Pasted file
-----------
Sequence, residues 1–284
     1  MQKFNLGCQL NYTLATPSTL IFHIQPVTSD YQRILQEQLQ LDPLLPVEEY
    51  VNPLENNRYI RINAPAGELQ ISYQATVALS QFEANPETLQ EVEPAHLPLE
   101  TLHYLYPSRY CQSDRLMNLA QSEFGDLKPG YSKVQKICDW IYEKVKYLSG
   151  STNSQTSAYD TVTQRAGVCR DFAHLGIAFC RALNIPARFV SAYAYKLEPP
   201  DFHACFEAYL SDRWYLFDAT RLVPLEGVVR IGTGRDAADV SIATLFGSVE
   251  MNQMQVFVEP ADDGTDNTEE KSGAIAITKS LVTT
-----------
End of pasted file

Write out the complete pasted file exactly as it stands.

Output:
Sequence, residues 1–284
     1  MQKFNLGCQL NYTLATPSTL IFHIQPVTSD YQRILQEQLQ LDPLLPVEEY
    51  VNPLENNRYI RINAPAGELQ ISYQATVALS QFEANPETLQ EVEPAHLPLE
   101  TLHYLYPSRY CQSDRLMNLA QSEFGDLKPG YSKVQKICDW IYEKVKYLSG
   151  STNSQTSAYD TVTQRAGVCR DFAHLGIAFC RALNIPARFV SAYAYKLEPP
   201  DFHACFEAYL SDRWYLFDAT RLVPLEGVVR IGTGRDAADV SIATLFGSVE
   251  MNQMQVFVEP ADDGTDNTEE KSGAIAITKS LVTT